Machine Guarding laws & safety compliance analysis

Machine Guarding: What you need to know


Many industries rely on machinery to do much of the work necessary to manufacture or manipulate a product. Because most machinery is capable of changing the shape or size of a material, it is also capable of doing the same to parts of the human body. According to OSHA, any machine part, function, or process that may cause injury must be safeguarded. When the operation of a machine or accidental contact with it can injure the operator or others in the vicinity, one or more methods of machine guarding must be provided to protect the operator and other employees in the machine area from hazards such as those created by point of operation, ingoing nip points, rotating parts, and flying chips and sparks. Examples of guarding methods are barrier guards, two-hand tripping devices, and electronic safety devices.

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OSHA rules. OSHA machine guarding rules for general industry (29 CFR 1910, Subpart O) address the safety requirements for the following types of machines:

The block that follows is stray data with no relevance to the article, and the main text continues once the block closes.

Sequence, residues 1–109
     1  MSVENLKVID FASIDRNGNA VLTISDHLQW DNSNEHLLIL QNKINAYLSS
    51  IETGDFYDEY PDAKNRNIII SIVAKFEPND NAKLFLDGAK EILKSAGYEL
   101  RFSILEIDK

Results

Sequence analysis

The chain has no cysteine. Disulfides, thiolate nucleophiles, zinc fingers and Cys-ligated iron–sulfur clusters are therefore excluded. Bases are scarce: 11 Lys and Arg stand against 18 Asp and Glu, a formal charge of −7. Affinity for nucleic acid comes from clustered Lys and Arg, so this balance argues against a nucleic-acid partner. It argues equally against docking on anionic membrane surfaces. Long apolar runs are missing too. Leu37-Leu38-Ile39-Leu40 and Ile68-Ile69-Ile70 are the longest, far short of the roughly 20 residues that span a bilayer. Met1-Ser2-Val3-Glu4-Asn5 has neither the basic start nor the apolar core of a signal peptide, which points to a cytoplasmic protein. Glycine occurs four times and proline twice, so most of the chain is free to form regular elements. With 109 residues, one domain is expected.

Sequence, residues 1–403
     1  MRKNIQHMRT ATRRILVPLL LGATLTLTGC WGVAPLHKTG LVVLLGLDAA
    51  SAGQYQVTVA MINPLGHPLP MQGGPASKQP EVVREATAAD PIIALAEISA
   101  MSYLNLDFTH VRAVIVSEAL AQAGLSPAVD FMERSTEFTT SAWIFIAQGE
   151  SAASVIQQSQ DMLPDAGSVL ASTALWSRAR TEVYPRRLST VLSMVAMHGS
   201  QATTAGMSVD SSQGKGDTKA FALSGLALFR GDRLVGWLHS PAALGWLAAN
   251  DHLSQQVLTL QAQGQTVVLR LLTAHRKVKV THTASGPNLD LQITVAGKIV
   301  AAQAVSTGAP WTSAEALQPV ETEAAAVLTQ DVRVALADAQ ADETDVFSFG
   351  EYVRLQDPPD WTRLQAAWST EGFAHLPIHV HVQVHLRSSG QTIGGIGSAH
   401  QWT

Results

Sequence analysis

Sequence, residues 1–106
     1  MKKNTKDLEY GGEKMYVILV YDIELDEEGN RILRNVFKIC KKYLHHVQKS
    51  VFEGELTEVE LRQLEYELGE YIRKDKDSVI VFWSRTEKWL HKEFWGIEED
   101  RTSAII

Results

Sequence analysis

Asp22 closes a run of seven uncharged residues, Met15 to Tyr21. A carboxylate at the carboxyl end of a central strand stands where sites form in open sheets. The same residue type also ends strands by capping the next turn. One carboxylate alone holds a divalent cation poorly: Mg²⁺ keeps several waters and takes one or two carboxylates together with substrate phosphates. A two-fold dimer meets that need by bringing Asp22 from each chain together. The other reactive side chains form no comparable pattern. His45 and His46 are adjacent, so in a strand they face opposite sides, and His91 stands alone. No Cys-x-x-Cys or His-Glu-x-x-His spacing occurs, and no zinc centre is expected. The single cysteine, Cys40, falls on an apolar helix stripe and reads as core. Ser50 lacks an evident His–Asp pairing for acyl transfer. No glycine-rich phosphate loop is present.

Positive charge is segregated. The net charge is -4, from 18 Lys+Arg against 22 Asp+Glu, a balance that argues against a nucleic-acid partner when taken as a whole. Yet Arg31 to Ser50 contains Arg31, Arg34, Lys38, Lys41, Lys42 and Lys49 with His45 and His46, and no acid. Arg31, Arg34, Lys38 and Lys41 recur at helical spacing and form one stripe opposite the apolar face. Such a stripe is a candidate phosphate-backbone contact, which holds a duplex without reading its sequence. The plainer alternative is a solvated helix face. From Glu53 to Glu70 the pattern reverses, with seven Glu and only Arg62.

• 29 CFR 1910.211—Definitions
  • 29 CFR 1910.212—General requirements for all machines
  • 29 CFR 1910.213—Woodworking machinery requirement
  • 29 CFR 1910.215—Abrasive wheel machinery
  • 29 CFR 1910.216—Mills and calenders in the rubber and plastics industries
  • 29 CFR 1910.217—Mechanical power presses
  • 29 CFR 1910.218—Forging machines
  • 29 CFR 1910.219—Mechanical power-transmission apparatus

OSHA has also adopted guarding rules for other types of machines and equipment, including:

  • 29 CFR 1910.243—Guarding of portable power tools
  • 29 CFR 1910.244—Other portable tools and equipment
  • 29 CFR 1910.133—Eye and face protection
  • 29 CFR 1910.147—Control of hazardous energy (lockout/tagout)

See the Eye and Face Protection and Lockout/Tagout analysis sections for more information about personal protective ...

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